10 Tips to Moderate Your Facebook Page Effectively
By Leah Mackey Schultz, Director of Social Media Operations, ACS Advertising
As of March 2014 Facebook has over 1 billion mobile monthly active users and 757 million daily active users on average (source: Facebook). Stop. Read that again. Those statistics are ground breaking. What this immense user base means is that carriers must be maintaining an active presence on Facebook. With the ever changing driver shortage carriers must use social media, especially Facebook, to tap into the current driver market as well as potential new drivers in segments such as construction, retail, food and beverage, underemployed and beyond. With any new type of media there are new strategies and best practices to learn. For the last 4 years I’ve been helping trucking companies execute social media strategies for driver recruiting and retention. Some of the most common questions I get are:
How do I respond to questions on our Page?
What do I do if someone says something bad about me on our Page?
How can I make sure no one posts anything inappropriate on our Page?
I’ve put together 10 tips to help you moderate your Facebook Page effectively. With these tips you will be able to maintain a positive two-way dialogue with current drivers, non-driver employees, driver families, potential new drivers and customers.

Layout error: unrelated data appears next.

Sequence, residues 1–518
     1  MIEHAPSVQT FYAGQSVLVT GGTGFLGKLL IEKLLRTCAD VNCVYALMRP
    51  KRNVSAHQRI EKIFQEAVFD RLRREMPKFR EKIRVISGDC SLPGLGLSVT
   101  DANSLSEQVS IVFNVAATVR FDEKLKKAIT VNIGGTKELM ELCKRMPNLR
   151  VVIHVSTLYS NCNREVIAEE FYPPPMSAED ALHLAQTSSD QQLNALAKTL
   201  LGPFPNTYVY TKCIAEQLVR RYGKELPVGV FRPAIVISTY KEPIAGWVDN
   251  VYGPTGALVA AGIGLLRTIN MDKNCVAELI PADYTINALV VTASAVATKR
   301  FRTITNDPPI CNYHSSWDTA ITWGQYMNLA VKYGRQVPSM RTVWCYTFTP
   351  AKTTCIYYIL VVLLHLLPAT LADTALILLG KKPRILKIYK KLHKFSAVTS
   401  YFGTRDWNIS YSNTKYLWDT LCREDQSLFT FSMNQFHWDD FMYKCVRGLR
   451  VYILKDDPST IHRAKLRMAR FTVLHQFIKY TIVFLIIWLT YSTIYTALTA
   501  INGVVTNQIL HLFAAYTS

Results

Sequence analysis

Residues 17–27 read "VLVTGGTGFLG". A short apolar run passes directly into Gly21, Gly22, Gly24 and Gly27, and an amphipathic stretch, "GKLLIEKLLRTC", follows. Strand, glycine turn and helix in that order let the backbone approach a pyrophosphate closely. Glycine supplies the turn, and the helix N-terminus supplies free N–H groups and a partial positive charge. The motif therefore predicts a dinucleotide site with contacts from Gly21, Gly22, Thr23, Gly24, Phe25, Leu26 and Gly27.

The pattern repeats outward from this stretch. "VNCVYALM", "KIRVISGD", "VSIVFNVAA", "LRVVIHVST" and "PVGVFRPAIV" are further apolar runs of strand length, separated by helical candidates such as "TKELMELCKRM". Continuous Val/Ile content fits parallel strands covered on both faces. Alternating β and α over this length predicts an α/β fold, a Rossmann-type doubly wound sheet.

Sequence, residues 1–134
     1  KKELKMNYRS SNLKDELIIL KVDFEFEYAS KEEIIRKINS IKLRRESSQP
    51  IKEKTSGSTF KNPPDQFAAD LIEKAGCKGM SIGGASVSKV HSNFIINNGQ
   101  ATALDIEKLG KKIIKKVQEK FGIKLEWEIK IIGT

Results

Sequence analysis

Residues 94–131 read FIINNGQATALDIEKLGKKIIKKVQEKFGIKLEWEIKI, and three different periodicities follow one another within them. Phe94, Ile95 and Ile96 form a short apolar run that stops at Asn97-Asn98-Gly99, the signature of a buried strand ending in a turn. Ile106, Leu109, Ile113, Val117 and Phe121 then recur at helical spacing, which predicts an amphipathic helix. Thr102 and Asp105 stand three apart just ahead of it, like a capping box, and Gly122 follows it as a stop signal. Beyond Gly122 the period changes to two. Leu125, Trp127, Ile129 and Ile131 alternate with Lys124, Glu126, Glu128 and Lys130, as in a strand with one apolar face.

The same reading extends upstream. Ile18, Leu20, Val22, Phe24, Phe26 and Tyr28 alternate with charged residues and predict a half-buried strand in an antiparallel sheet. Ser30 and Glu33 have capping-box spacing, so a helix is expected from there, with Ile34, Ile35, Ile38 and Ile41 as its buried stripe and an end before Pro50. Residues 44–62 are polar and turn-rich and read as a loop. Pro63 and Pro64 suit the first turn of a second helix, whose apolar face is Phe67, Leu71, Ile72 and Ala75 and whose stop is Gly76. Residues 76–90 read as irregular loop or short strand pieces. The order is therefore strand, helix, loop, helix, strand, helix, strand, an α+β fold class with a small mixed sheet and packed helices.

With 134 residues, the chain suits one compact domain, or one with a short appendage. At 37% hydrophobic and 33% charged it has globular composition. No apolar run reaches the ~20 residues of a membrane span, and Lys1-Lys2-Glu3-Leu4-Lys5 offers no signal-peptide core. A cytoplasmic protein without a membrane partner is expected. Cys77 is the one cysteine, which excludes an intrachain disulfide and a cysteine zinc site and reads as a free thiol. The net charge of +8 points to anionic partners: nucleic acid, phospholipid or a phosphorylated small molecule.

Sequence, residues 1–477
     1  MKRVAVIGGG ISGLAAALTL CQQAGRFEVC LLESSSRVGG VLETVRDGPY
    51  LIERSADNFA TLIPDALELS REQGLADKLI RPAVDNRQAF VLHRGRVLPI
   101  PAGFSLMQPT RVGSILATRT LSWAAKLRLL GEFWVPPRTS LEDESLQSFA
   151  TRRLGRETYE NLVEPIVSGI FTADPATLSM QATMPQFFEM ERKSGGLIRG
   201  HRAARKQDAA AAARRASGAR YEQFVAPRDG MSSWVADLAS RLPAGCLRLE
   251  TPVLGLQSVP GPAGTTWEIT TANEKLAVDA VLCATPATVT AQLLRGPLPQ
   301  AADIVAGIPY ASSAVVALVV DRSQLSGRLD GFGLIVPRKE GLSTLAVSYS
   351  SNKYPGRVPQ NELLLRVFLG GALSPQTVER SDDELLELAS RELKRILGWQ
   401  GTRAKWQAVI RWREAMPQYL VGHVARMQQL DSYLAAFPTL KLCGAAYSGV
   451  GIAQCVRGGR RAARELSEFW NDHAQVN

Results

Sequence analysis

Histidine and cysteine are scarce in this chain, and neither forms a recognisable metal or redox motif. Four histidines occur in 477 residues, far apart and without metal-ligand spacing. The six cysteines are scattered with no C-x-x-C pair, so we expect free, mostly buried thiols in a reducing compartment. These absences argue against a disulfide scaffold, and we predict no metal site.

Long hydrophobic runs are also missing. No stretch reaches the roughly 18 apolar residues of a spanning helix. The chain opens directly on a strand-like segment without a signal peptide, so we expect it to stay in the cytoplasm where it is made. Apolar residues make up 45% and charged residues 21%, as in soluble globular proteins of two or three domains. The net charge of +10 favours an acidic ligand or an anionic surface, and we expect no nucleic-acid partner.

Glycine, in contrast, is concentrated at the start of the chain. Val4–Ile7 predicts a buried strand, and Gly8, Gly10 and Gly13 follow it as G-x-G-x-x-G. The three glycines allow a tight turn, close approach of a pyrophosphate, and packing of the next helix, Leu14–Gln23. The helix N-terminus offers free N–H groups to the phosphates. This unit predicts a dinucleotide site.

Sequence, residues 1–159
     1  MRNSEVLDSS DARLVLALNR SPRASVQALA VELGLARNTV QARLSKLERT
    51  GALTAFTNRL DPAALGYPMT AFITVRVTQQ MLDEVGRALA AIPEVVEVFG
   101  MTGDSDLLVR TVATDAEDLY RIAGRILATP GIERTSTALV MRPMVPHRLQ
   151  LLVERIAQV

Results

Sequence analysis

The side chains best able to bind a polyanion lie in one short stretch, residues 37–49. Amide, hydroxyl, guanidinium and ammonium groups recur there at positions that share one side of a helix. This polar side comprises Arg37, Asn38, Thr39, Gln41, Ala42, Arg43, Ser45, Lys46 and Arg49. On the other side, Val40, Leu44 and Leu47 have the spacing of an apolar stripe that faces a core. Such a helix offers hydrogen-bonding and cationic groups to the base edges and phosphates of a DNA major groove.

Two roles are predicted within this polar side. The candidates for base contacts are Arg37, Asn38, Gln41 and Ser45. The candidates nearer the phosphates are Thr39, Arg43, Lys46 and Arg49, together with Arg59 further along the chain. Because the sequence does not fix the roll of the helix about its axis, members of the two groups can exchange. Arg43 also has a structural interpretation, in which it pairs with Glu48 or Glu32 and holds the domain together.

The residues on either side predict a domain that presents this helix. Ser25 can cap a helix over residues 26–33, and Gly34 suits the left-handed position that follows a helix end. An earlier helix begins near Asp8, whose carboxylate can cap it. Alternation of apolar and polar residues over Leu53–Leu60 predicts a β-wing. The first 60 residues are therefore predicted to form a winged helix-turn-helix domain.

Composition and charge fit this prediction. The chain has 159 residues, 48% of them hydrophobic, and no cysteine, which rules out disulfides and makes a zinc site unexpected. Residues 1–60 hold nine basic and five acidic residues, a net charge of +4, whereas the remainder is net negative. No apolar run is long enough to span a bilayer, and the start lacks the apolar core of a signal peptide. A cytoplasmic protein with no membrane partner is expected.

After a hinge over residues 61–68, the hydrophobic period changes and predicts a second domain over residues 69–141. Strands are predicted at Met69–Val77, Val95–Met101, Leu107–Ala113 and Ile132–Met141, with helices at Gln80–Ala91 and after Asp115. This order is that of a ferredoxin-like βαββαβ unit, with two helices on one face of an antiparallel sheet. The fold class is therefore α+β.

1. Do not neglect the Page. If you are going to have a social media channel (Facebook Page, Twitter Account, etc.) you must be prepared and resourced to be able to monitor it. Nothing is worse than a neglected Page. It is bad for PR, for customer service, bad for sales and just bad business in general. Think about it, you don’t neglect your telephone when it rings. Why would you neglect your brand’s Facebook Page?
2. Do not disable the Facebook Page wall. This will cause visitors to post comments on comment threads of brand posted content rather than where it is supposed to be (on the wall). Remember that even if you disable the wall, you are not able to disable comments on brand posts, photos, etc. If you disable the wall then you “force” folks to look for a place to post… which makes it even MORE difficult for you to monitor.
3. Do not delete or hide negative comments and questions. You should address the concern or question publicly if possible so that the individual’s issue/question is resolved… but also so that other onlookers see that you are listening, you do care and are willing to make it right. Half the time folks post complaints just because they want to be heard. The only exception here is for highly offensive or inappropriate (see #4) posts. Note the difference between deleting and hiding. Deleting a post/comment removes it everywhere. Hiding will remove it from your Page, but it remains visible to the person who posted it and his/her friends.